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COVID comeback threatens fresh setback for European market bulls -Breaking


© Reuters. FILE PHOTO – This illustration shows the Euro banknote through broken glass. It was taken on June 25, 2021. REUTERS/Dado Ruvic/Illustration/File Photo

Julien Ponthus, Yoruk Bahceli

LONDON, Reuters -CoVID-19 lockdowns are back to ruin Europe’s economic prospects. Investors were forced to reassess their portfolios on Friday and to sell vulnerable assets like bank stocks and the euro.

Austria was put under lockdown again days after Slovakia, Hungary, Slovakia, and Czech Republic lifted their curbs. Germany’s health minister did not rule out a similar move.

Germany’s foreign Minister ruled out mandatory vaccinations and a lockdown for tabloid Bild, which did little to soothe markets.

This swept aside the optimistic mood that had prevailed in European equity markets. German and French shares were at record levels thanks to strong earnings.

On Friday, the pan-European equity benchmark, which was up by 80% since March 2020, fell half a point.

Stephane Ekolo is a Global Equity Strategist at Tradition.

The market began to withdraw their wagers about the rise in eurozone interest rates for next year. An index of European Banks plunged 2.5% on Tuesday, marking its worst daily fall since September.

It is now unclear to what degree lockdowns may impact earnings estimates for the fourth quarter. Current Refinitiv II/B/E/S data shows a benchmark increase of 51%, just slightly below 60% in Quarter 3.

However, it still stands out in comparison to predictions for a 21% increase in earnings.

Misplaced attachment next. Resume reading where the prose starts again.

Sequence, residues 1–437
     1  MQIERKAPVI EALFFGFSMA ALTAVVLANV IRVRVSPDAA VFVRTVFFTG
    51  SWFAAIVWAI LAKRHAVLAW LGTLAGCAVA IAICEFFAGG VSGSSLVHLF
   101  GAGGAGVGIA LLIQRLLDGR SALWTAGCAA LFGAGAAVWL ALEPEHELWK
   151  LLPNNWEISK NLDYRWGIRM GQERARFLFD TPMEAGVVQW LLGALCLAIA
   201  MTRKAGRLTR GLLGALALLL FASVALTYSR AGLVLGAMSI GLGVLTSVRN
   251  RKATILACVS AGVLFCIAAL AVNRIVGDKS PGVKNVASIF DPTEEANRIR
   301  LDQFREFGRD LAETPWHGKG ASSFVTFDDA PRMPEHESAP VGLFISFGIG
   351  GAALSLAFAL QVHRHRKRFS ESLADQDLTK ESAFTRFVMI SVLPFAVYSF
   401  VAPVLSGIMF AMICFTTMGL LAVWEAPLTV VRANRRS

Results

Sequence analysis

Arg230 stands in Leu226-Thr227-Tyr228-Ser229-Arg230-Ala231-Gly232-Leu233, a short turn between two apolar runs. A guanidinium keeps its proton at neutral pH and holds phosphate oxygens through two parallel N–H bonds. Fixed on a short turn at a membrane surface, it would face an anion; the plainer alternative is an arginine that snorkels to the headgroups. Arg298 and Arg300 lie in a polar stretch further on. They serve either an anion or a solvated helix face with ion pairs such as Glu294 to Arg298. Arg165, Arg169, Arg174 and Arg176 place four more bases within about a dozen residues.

However, there were some troubling signs for Europe long before the COVID revival. The U.S. data is trailing Europe by more than one year according to the Citi economic surprise indexes.

Oxford Economics noted that the decline in hospitality turnover is also evident, pointing out Germany’s drop of 3.5% in September.

“Markets are aware that this winter could be hard and that the vaccination rollsout won’t lower lockdown risk by 100 percent” stated Emmanuel Cau, European Equity Strategy Head. Barclays (LON:).

A setback that is more severe, or worsens, can be very painful. BofA’s monthly investor survey was widely followed by funds and showed that they were most bullish about eurozone equities. There was a 33% overweight, while EU banks are especially favoured.

Cau claims it is premature to consider lockdowns a game changer and that investors are taking profits from recent sizzling rallies. Inflation-adjusted bond yields that are deeply negative probably mean that global stock investors will continue to chase cash.

The winners will come out of the game: Healthcare stocks rose by 1% while technology shares gained 0.6%.


The investors made a run for the bonds and turned Germany’s yield curve into a negative. It was August, when Germany’s 30-year government borrowing costs dropped below 0%.

At -0.342%, the benchmark yield in the Euro area, ten-year yields dropped 6 basis points.

Euro fell more than 6 years to a low against Swiss franc. It also reached 16 month lows in relation to the greenback.

Peter McCallum (rates strategist, Mizuho) stated that “it’s just building” and described the story of the pandemic in Europe not ending.

“The more we make that a trend and get the market to think about a dovish ECB the better, because there’s still some time to close the gap (10-year Bund yield), down to -0.45%,” he said.

Market observers are beginning to look beyond Europe, according to some.

Deutsche Bank (DE:) It was noted that vaccination rates in Austria, Germany and Germany were significantly higher than the U.S. 58% at 64% and 69% respectively on the cusps of winter.

“Although the headlines in Europe are all about the USA at the moment,” the bank wrote. According to the bank,